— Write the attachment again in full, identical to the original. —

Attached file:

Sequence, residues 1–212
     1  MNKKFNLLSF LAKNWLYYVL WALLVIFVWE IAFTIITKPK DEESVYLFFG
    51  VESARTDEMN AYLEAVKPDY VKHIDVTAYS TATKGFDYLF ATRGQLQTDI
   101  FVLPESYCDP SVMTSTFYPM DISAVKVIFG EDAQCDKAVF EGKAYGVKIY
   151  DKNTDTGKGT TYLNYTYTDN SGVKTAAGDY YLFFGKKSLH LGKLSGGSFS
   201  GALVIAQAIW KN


Sequence, residues 1–212
     1  MNKKFNLLSF LAKNWLYYVL WALLVIFVWE IAFTIITKPK DEESVYLFFG
    51  VESARTDEMN AYLEAVKPDY VKHIDVTAYS TATKGFDYLF ATRGQLQTDI
   101  FVLPESYCDP SVMTSTFYPM DISAVKVIFG EDAQCDKAVF EGKAYGVKIY
   151  DKNTDTGKGT TYLNYTYTDN SGVKTAAGDY YLFFGKKSLH LGKLSGGSFS
   201  GALVIAQAIW KN